MOSCOW — Russia's satellite navigation system isn't fully operational yet, but it seems to work on Prime Minister Vladimir Putin's dog.
Putin listened Friday as his deputy, Sergei Ivanov, briefed him on the progress of the Global Navigation Satellite System. Then footage broadcast on Russian TV showed them try a collar containing satellite-guided positioning equipment on the prime minister's black Labrador Koni.
Ivanov said that the equipment goes on a standby mode when "the dog doesn't move, if it, say, lies down in a puddle."
Putin interrupted him jokingly: "My dog isn't a piglet, it doesn't lie in puddles."
"She wags her tail, she likes it," Putin said after watching Koni outside his collonaded residence on Moscow's western outskirts.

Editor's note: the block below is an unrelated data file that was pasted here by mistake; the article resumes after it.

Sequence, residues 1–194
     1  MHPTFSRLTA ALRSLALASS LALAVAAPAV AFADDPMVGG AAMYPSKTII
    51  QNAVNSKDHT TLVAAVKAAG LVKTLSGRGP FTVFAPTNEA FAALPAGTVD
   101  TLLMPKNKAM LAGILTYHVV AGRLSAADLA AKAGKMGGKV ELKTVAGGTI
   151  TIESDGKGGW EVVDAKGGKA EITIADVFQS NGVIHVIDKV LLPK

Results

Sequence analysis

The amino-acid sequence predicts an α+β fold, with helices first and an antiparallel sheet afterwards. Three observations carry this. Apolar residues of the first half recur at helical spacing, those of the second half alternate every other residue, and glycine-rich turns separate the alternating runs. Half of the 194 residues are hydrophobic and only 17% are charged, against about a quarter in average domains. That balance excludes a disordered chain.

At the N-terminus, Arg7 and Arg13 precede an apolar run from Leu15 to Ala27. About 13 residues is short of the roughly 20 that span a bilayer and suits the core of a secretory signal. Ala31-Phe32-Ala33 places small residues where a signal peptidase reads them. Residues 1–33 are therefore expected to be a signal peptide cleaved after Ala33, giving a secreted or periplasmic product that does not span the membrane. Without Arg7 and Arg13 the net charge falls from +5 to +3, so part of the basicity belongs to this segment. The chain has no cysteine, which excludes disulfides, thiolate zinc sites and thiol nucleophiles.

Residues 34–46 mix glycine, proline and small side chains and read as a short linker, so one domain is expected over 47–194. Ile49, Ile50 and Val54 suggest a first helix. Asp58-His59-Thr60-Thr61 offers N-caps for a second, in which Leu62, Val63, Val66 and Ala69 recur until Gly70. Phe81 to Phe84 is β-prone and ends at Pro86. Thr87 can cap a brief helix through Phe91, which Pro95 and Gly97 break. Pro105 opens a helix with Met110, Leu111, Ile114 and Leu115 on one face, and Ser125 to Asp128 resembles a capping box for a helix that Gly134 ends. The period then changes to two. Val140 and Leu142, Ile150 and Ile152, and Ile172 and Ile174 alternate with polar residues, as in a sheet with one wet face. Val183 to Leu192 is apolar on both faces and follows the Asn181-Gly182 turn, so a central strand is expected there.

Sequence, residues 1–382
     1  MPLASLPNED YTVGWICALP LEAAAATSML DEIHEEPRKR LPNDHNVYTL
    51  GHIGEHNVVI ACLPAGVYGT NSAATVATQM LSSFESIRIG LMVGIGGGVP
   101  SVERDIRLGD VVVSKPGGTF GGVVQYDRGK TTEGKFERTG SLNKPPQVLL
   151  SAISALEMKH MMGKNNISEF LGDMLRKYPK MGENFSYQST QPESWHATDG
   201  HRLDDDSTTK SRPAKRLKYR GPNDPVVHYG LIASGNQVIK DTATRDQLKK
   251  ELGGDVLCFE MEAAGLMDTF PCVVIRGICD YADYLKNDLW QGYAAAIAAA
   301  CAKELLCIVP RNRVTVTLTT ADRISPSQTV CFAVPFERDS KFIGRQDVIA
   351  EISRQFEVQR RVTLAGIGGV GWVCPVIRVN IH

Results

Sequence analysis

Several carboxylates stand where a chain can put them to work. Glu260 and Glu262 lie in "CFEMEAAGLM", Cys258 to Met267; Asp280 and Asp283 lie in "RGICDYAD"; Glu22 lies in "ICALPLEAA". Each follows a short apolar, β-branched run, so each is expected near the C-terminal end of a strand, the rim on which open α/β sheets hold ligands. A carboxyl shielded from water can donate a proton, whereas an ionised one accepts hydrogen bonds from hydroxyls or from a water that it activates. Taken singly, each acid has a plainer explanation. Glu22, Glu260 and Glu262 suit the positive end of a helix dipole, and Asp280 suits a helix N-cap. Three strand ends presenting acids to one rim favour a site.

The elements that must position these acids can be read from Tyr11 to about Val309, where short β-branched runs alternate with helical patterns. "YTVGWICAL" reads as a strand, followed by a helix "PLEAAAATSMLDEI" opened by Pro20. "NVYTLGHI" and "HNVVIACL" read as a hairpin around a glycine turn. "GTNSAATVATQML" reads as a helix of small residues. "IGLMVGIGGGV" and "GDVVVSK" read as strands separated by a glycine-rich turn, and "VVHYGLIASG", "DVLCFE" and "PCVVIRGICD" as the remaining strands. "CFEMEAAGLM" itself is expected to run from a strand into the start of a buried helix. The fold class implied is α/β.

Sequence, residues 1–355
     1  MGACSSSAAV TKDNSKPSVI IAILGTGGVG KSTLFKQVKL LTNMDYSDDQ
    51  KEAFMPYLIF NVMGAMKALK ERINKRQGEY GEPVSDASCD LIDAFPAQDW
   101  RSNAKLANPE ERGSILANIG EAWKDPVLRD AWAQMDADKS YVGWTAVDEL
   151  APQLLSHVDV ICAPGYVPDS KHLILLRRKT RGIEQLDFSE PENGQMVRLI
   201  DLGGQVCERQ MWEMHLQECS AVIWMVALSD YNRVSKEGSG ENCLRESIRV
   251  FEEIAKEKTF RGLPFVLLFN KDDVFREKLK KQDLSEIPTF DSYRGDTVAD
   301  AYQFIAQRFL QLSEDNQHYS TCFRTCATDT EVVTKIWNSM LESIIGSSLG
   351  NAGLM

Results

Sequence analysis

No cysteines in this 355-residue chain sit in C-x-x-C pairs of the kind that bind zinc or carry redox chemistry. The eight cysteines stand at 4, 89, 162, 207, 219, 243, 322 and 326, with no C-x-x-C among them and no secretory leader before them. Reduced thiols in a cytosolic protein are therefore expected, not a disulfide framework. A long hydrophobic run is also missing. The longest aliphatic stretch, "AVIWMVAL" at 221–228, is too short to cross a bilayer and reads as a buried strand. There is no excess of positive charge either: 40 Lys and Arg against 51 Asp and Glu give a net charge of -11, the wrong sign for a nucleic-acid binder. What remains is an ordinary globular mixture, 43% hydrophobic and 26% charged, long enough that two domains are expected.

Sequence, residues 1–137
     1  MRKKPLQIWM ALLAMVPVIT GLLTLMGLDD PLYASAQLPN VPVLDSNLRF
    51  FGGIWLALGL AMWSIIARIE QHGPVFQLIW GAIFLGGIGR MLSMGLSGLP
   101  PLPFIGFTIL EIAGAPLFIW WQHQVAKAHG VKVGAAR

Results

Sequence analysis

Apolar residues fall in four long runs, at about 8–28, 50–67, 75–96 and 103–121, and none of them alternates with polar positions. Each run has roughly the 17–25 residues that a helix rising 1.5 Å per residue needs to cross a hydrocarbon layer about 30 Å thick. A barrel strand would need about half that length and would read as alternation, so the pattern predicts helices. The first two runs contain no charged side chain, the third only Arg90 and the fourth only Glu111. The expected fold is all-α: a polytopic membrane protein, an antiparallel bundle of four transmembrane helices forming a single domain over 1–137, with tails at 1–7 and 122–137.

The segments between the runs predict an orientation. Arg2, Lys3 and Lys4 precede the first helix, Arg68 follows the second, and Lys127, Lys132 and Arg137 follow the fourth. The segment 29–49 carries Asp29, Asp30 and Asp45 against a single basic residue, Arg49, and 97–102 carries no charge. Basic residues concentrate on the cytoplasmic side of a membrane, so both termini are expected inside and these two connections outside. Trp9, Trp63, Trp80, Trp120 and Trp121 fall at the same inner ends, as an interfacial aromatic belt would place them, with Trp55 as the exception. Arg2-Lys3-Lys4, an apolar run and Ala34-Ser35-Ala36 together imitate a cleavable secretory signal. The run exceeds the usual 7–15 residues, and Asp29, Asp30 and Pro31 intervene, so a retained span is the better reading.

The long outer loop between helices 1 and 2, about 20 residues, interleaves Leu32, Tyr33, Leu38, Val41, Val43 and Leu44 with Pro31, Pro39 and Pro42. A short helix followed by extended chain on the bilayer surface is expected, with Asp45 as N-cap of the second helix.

The navigation system, which goes by acronym GLONASS, was developed during the Soviet era as a response to the U.S. Global Positioning System, but it has been slow to take shape amid the post-Soviet economic meltdown.
The government had promised to make the system fully operational by the beginning of this year, but it was delayed by equipment flaws and other technical problems.
Ivanov told Putin that the system would have 21 satellites by the year's end — enough to provide navigation services over the entire Russian territory.
Ivanov said it would be available worldwide by the end of 2009, for which it would need to have 24 satellites.
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